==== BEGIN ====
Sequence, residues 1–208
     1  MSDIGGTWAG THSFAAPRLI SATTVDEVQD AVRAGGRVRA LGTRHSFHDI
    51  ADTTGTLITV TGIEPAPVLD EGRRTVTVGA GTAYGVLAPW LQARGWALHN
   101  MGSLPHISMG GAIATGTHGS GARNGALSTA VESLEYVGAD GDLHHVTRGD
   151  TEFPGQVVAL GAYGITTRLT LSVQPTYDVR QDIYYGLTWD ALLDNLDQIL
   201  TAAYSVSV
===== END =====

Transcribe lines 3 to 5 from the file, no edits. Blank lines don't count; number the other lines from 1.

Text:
    51  ADTTGTLITV TGIEPAPVLD EGRRTVTVGA GTAYGVLAPW LQARGWALHN
   101  MGSLPHISMG GAIATGTHGS GARNGALSTA VESLEYVGAD GDLHHVTRGD
   151  TEFPGQVVAL GAYGITTRLT LSVQPTYDVR QDIYYGLTWD ALLDNLDQIL